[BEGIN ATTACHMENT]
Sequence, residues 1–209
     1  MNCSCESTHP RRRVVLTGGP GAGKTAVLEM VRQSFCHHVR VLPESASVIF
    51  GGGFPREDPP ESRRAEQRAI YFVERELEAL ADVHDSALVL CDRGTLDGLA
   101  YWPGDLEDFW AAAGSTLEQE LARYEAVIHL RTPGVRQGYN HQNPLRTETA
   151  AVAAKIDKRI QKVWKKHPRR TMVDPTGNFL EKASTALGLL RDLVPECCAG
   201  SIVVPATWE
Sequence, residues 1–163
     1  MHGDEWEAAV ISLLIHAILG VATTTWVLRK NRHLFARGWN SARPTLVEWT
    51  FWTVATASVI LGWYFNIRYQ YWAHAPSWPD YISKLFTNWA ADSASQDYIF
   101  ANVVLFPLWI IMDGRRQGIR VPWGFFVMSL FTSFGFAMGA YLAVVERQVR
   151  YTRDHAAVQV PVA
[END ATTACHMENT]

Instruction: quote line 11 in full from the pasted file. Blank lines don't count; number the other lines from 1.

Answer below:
   151  YTRDHAAVQV PVA